The hardware that we use. We ask the users to put on what’s called a head-mounted display or HMD. And that is like a helmet with straps with a television screen in front of each eye and earphones and a position tracker that just as my view changes in reality when I move my head, so it does in the virtual reality in real time. For some environments, we have a handheld sensor or joystick that allows the user to manipulate things in the virtual environment or move around. So, for example, they can push a virtual button on a virtual elevator and go up. They can drive a virtual Humvee and steer it. There’s obviously the computer and the monitor, so the therapist can see everything on the monitor that the patient is seeing in the head-mounted display, so we can comment appropriately. For many environments, we will also use something like what’s called a thunder chair. For our environments where I work, we have a raised platform and a woofer, a base speaker, a shaker, embedded underneath that platform, so they also feel the vibrations. So, for example, in the virtual airplane, they can feel turbulence. They can feel the landing gear coming up. In the virtual Iraq, they can feel the engines on of the Humvee. They can feel the explosions.

References

Rothbaum, B. O., Price, M., Jovanovic, T., Norrholm, S. D., Gerardi, M., Dunlop, B., Davis, M., Bradley, B., Duncan, E. J., Rizzo, A., & Ressler, K. J. (2014). A randomized, double-blind evaluation of D-cycloserine or alprazolam combined with virtual reality exposure therapy for posttraumatic stress disorder in Iraq and Afghanistan war veterans. American Journal of Psychiatry, 171(6), 640-648. https://doi.org/10.1176/appi.ajp.2014.13121625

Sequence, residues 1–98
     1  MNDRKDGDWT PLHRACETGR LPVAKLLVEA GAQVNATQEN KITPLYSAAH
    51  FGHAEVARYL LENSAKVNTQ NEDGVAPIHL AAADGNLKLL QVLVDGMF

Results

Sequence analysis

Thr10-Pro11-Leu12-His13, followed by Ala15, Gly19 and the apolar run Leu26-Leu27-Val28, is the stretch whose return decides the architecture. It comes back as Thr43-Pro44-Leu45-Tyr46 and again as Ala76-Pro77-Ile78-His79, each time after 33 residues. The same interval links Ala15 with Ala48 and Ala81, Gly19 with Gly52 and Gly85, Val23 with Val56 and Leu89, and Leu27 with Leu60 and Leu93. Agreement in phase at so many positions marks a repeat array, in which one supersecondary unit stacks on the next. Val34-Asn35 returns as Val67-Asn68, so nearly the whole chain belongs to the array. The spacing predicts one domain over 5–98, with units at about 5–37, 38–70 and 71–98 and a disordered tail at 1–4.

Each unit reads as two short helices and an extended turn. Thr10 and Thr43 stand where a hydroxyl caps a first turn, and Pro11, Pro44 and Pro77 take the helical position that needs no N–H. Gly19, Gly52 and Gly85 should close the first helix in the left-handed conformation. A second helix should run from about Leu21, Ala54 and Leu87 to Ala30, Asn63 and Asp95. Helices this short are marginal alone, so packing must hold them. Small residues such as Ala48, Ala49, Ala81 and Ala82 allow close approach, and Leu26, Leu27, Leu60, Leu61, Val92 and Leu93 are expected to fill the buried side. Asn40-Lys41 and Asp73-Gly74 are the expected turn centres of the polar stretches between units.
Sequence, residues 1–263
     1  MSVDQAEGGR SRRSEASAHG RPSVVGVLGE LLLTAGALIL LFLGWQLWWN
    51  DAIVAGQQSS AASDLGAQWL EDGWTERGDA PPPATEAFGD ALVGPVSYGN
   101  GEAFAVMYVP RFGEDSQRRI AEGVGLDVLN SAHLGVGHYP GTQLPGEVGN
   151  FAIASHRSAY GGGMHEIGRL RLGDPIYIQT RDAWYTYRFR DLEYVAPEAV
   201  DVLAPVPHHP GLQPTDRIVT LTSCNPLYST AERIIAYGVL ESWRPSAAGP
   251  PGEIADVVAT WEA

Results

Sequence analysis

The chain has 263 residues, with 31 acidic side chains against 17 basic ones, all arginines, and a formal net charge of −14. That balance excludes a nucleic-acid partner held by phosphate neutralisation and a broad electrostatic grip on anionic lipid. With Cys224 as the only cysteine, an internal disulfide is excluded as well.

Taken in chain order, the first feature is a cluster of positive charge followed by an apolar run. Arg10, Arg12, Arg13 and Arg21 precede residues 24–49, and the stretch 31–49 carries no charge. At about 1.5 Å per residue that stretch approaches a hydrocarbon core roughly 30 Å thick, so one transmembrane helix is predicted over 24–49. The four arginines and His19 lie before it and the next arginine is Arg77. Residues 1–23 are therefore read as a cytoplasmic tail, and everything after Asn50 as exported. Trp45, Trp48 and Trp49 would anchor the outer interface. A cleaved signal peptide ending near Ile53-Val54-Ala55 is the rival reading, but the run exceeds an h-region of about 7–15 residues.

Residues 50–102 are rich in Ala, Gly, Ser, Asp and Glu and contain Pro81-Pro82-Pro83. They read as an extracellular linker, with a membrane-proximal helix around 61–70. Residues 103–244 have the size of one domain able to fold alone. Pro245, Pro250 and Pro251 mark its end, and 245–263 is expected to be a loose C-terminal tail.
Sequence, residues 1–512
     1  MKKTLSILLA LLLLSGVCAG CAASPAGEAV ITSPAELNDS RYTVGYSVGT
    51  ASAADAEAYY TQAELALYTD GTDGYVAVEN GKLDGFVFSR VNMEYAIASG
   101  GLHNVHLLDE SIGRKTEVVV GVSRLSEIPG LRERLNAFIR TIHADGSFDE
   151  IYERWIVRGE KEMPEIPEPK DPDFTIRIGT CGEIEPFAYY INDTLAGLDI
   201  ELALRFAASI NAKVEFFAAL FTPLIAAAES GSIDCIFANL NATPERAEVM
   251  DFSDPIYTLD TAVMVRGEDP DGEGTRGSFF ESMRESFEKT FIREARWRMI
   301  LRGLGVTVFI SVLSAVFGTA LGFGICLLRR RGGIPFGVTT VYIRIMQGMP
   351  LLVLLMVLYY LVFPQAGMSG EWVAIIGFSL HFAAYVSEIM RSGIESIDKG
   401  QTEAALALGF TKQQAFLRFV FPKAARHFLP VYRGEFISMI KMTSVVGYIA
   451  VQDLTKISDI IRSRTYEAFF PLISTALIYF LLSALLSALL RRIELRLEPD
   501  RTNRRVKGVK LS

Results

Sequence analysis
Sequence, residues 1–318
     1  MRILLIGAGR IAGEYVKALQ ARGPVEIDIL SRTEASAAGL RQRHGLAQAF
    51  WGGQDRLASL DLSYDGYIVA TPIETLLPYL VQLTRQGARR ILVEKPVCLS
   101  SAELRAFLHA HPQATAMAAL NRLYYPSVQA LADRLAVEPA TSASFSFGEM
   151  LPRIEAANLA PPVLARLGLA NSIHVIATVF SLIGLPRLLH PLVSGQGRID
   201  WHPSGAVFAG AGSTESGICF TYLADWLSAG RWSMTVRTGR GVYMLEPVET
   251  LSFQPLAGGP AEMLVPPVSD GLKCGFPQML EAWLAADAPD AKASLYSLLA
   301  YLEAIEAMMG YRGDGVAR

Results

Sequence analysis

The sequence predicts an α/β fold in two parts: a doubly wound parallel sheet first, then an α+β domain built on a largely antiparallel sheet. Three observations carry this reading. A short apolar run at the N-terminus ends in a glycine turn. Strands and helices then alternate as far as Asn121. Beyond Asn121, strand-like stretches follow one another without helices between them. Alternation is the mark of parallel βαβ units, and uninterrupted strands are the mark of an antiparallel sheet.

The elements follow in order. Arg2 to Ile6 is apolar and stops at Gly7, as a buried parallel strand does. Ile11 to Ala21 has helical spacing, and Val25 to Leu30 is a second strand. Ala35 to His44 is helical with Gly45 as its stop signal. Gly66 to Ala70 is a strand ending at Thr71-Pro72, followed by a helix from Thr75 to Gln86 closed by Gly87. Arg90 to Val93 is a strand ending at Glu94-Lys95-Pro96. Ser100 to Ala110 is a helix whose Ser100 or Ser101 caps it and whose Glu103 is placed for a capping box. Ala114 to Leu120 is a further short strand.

Rothbaum, B. O., Hodges, L., Smith, S., Lee, J. H., & Price, L. (2000). A controlled study of virtual reality exposure therapy for the fear of flying. Journal of Consulting and Clinical Psychology, 68(6), 1020-1026. https://doi.org/10.1037/0022-006x.68.6.1020
 
Rothbaum, B. O., Anderson, P., Zimand, E., Hodges, L., Lang, D., & Wilson, J. (2006). Virtual reality exposure therapy and standard (in vivo) exposure therapy in the treatment of fear of flying. Behavior Therapy, 37(1), 80-90. https://doi.org/10.1016/j.beth.2005.04.004
 
Ressler, K. J., Rothbaum, B. O., Tannenbaum, L., Anderson, P., Graap, K., Zimand, E., Hodges, L., & Davis, M. (2004). Cognitive enhancers as adjuncts to psychotherapy: use of D-cycloserine in phobic individuals to facilitate extinction of fear. Archives of General Psychiatry, 61(11), 1136-1144. https://doi.org/10.1001/archpsyc.61.11.1136

And virtual reality exposure therapy, or VRE, has been found to be effective for specific phobias, including the fear of heights, the fear of flying, the fear of public speaking, for substance use disorders, for PTSD, and for many others.

References

Rothbaum, B. O., Price, M., Jovanovic, T., Norrholm, S. D., Gerardi, M., Dunlop, B., Davis, M., Bradley, B., Duncan, E. J., Rizzo, A., & Ressler, K. J. (2014). A randomized, double-blind evaluation of D-cycloserine or alprazolam combined with virtual reality exposure therapy for posttraumatic stress disorder in Iraq and Afghanistan war veterans. American Journal of Psychiatry, 171(6), 640-648. https://doi.org/10.1176/appi.ajp.2014.13121625